Monoamine oxidase inhibitors (MAOIs) are a class of drugs that inhibit the activity of one or both monoamine oxidase enzymes: monoamine oxidase A (MAO-A) and monoamine oxidase B (MAO-B).
Mood disorder, also known as mood (affective) disorders, is a group of conditions where a disturbance in the person's mood is the main underlying feature.
Mortality rate, or death rate, is a measure of the number of deaths (in general, or due to a specific cause) in a particular population, scaled to the size of that population, per unit of time.
Multiple sclerosis (MS) is a demyelinating disease in which the insulating covers of nerve cells in the brain and spinal cord are damaged.
Narcissism is the pursuit of gratification from vanity or egotistic admiration of one's own attributes.
The National Comorbidity Survey: Baseline (NCS-1) was the first large-scale field survey of mental health in the United States.
The National Institute for Health and Care Excellence (NICE) is an executive non-departmental public body of the Department of Health in the United Kingdom, which publishes guidelines in four areas.
The National Institute of Mental Health (NIMH) is one of 27 institutes and centers that make up the National Institutes of Health (NIH).
The nature versus nurture debate involves whether human behaviour is determined by the environment, either prenatal or during a person's life, or by a person's genes.
Neuroimaging or brain imaging is the use of various techniques to either directly or indirectly image the structure, function/pharmacology of the nervous system.
Neuroleptic malignant syndrome (NMS) is a life-threatening reaction that occasionally occurs in response to neuroleptic or antipsychotic medication.
Neuropsychological assessment was traditionally carried out to assess the extent of impairment to a particular skill and to attempt to determine the area of the brain which may have been damaged following brain injury or neurological illness.
Neurosis is a class of functional mental disorders involving chronic distress but neither delusions nor hallucinations.
Neurotrophic factors (NTFs) are a family of biomolecules – nearly all of which are peptides or small proteins – that support the growth, survival, and differentiation of both developing and mature neurons.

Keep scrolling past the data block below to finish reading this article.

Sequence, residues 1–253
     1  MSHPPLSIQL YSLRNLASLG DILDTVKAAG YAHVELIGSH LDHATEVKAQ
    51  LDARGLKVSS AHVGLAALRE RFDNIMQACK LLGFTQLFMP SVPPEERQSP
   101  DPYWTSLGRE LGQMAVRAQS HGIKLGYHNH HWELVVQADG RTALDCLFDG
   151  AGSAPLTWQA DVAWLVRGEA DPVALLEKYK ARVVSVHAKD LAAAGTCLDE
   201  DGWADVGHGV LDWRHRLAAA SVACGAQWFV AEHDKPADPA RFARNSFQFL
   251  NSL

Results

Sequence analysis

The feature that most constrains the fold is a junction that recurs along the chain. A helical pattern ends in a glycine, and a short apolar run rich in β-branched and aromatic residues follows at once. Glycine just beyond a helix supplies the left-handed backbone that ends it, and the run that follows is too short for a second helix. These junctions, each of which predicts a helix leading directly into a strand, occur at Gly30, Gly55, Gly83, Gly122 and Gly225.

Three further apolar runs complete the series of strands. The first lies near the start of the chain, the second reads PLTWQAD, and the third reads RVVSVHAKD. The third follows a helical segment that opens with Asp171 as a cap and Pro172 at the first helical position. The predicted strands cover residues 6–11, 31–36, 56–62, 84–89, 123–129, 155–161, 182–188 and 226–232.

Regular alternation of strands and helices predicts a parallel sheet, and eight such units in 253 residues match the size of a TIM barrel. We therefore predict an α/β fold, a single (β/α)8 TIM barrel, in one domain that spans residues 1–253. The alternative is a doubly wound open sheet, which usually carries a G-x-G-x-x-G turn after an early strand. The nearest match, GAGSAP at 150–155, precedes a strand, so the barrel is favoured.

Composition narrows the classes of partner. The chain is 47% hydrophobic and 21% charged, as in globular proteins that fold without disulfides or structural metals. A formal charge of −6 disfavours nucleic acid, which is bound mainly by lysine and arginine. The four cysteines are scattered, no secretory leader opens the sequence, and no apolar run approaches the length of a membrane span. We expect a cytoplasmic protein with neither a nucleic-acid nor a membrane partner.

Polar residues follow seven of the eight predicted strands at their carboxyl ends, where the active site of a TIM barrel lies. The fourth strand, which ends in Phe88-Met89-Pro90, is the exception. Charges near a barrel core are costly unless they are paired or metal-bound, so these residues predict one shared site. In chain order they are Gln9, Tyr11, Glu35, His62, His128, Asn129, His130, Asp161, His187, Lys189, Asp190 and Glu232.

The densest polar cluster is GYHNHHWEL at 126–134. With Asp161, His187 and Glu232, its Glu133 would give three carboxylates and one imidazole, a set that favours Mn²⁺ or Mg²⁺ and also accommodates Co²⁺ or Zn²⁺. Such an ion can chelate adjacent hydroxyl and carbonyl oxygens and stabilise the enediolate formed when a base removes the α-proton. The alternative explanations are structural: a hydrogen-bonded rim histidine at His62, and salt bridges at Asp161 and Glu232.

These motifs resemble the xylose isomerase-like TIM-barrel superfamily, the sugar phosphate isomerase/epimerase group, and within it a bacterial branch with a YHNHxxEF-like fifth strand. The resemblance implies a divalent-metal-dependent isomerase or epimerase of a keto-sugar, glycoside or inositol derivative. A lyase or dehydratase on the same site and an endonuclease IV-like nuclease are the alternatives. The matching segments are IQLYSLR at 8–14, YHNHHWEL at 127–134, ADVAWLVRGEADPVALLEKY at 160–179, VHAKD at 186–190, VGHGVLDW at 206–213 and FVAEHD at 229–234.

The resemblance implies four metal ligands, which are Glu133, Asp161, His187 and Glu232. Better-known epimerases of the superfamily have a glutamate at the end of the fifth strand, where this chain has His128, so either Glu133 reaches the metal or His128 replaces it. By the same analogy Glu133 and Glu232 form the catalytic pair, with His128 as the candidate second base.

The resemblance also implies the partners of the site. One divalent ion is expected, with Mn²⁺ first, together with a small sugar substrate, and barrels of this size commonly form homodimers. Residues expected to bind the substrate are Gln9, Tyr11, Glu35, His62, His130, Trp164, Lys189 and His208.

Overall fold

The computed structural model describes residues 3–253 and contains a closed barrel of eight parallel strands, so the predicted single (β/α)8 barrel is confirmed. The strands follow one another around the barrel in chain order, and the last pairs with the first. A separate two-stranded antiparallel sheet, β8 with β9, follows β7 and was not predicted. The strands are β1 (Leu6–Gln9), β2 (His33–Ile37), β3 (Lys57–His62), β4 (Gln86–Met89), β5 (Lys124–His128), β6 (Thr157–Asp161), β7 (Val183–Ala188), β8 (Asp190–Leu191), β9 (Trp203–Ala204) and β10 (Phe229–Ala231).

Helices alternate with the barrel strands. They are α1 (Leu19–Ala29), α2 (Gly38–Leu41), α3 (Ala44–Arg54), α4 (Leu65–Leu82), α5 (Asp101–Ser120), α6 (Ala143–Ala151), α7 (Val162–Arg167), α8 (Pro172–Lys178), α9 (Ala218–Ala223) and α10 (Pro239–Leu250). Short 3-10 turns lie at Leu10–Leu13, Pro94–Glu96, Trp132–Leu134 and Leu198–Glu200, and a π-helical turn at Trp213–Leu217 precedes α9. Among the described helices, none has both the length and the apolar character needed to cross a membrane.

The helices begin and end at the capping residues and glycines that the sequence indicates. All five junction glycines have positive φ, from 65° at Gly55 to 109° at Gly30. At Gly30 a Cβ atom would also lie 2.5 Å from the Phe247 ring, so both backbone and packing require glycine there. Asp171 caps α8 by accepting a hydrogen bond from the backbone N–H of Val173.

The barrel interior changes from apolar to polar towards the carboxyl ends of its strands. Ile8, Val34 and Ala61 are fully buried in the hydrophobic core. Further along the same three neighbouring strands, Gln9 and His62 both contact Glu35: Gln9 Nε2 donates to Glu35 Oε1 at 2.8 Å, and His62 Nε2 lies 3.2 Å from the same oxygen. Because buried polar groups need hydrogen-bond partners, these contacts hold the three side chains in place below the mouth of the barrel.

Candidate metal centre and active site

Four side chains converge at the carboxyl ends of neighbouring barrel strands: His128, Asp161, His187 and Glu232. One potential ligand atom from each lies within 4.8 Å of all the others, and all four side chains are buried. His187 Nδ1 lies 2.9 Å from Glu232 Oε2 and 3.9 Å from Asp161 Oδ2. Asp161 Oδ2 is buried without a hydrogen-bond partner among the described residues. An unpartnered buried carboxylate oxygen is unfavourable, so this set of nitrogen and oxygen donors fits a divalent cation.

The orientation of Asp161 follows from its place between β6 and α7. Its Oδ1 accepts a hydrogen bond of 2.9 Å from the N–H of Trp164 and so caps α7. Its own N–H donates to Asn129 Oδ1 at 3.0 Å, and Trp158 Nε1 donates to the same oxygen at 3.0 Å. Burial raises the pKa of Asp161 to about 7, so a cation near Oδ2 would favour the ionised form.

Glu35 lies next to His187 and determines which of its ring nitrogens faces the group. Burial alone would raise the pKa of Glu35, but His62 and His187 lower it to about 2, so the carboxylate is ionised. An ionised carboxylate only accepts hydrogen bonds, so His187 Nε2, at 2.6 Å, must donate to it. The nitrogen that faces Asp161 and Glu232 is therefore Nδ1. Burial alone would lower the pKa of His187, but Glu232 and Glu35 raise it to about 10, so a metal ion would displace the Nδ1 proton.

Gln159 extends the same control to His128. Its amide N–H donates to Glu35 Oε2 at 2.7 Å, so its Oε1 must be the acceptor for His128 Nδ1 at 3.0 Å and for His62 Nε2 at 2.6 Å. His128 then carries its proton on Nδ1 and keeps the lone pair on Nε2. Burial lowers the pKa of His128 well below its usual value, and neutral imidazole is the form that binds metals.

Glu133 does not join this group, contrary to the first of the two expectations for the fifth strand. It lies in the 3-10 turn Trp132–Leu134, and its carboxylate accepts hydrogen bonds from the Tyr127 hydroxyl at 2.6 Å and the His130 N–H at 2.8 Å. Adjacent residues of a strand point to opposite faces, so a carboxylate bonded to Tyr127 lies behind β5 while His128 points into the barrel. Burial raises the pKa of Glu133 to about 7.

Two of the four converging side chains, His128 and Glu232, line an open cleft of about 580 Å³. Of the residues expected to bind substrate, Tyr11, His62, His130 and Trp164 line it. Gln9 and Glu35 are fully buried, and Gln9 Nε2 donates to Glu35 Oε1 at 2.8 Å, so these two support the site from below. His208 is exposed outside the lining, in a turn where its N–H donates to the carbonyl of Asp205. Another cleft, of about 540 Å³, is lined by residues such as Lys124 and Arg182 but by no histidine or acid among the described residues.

Nonsteroidal anti-inflammatory drugs (NSAIDs) are a drug class that reduce pain, decrease fever, prevent blood clots and, in higher doses, decrease inflammation.
An object is a technical term in modern philosophy often used in contrast to the term subject.
Omega−3 fatty acids, also called ω−3 fatty acids or n−3 fatty acids, are polyunsaturated fatty acids (PUFAs).
The orbitofrontal cortex (OFC) is a prefrontal cortex region in the frontal lobes in the brain which is involved in the cognitive processing of decision-making.
Pain is a distressing feeling often caused by intense or damaging stimuli.
Parkinson's disease (PD) is a long-term degenerative disorder of the central nervous system that mainly affects the motor system.
The Public Broadcasting Service (PBS) is an American public broadcaster and television program distributor.
Personality disorders (PD) are a class of mental disorders characterized by enduring maladaptive patterns of behavior, cognition, and inner experience, exhibited across many contexts and deviating from those accepted by the individual's culture.
A physical examination, medical examination, or clinical examination (more popularly known as a check-up) is the process by which a medical professional investigates the body of a patient for signs of disease.
A placebo is a substance or treatment of no intended therapeutic value.
Postpartum depression (PPD), also called postnatal depression, is a type of mood disorder associated with childbirth, which can affect both sexes.
Posttraumatic stress disorder (PTSD)Acceptable variants of this term exist; see the Terminology section in this article.
Pregnancy, also known as gestation, is the time during which one or more offspring develops inside a woman.
Primary care is the day-to-day healthcare given by a health care provider.
A primary care physician is a physician who provides both the first contact for a person with an undiagnosed health concern as well as continuing care of varied medical conditions, not limited by cause, organ system, or diagnosis.
A psychiatric history is the result of a medical process where a clinician working in the field of mental health (usually a psychiatrist) systematically records the content of an interview with a patient.
A psychiatrist is a physician who specializes in psychiatry, the branch of medicine devoted to the diagnosis, prevention, study, and treatment of mental disorders.
Psychiatry is the medical specialty devoted to the diagnosis, prevention and treatment of mental disorders.
Psychoanalysis is a set of theories and therapeutic techniques related to the study of the unconscious mind, which together form a method of treatment for mental-health disorders.
Psychodynamic psychotherapy is a form of depth psychology, the primary focus of which is to reveal the unconscious content of a client's psyche in an effort to alleviate psychic tension.
A psychologist studies normal and abnormal mental states from cognitive, emotional, and social processes and behavior by observing, interpreting, and recording how individuals relate to one another and to their environments.
Psychomotor agitation is a set of signs and symptoms that stem from mental tension and anxiety.
Psychomotor retardation (also known as "psychomotor impairment" or "motormental retardation" or "psychomotor slowing") involves a slowing-down of thought and a reduction of physical movements in an individual.
Psychosis is an abnormal condition of the mind that results in difficulties telling what is real and what is not.
Psychotherapy is the use of psychological methods, particularly when based on regular personal interaction, to help a person change behavior and overcome problems in desired ways.
Psychotic depression, also known as depressive psychosis, is a major depressive episode that is accompanied by psychotic symptoms.